He claims the South actually opposed states’ rights, that is, the rights of the Northern states to oppose slavery. It is an opinion being stated. He then goes on to quote from South Carolina’s “Declaration of the Immediate Causes Which Induce and Justify the Secession of South Carolina from the Federal Union” from 1860 which complains of the Northern states failing to “fulfill their constitutional obligations” in returning runaway slaves (a process already upheld by the Supreme Court) or allowing slaveowners to travel through the state with their slaves.
Through the example he has given, I can see that he is absolutely correct in stating they opposed those States’ Actions (not any supposed Rights), or more succinctly put: the rights of those several States to ignore the Constitution and the Federal Courts. And one can easily see how some people would object if a law was upheld but the States were not reprimanded for failing to uphold the law. It is this lawlessness to which they were objecting. Even if we, today, can see there was something fundamentally wrong with that law – even though the Supreme Court had upheld it – but we also know that we cannot allow people to randomly decide which laws they will live by. That spells trouble in any society, then or now.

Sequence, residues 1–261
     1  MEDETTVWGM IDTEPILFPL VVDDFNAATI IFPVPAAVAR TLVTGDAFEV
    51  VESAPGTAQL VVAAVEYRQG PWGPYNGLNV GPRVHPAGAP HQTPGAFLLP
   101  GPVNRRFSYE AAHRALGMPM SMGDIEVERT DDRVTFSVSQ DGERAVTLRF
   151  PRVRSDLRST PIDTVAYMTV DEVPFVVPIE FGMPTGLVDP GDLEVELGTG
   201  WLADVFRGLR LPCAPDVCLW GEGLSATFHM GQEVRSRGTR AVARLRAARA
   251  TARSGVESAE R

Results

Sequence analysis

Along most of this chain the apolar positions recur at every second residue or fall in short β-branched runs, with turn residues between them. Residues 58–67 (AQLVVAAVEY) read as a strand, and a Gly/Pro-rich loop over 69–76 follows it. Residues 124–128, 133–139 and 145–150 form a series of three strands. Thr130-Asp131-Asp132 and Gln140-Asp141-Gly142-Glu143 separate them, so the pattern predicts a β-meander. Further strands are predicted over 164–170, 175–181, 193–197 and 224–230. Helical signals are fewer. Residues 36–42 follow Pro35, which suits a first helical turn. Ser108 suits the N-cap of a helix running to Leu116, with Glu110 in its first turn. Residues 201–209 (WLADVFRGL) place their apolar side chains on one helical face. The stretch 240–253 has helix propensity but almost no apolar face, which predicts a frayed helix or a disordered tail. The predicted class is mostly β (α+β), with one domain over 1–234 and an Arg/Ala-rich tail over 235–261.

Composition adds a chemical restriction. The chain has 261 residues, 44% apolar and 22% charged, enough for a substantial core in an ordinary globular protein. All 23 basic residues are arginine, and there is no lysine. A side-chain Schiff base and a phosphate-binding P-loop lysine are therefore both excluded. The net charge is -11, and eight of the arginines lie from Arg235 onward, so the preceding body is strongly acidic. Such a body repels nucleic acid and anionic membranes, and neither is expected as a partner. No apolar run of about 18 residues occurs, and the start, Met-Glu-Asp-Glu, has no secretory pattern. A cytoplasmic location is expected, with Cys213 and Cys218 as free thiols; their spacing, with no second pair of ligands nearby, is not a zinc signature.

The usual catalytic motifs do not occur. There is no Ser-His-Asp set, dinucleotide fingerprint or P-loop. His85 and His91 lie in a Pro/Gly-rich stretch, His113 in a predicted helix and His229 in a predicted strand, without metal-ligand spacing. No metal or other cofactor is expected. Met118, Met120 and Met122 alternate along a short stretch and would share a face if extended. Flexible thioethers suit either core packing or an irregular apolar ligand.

The Abolition Movement had been growing for some time and it seems a lot of people in some states simply ignored the Federal Courts and did what they thought morally correct. It might have been morally correct, but not legally correct. And the Federal Government had gotten lax about enforcing certain provisions of the law. That was the objection of the South Carolina convention, not the flippant response Loewen seems to think suffices.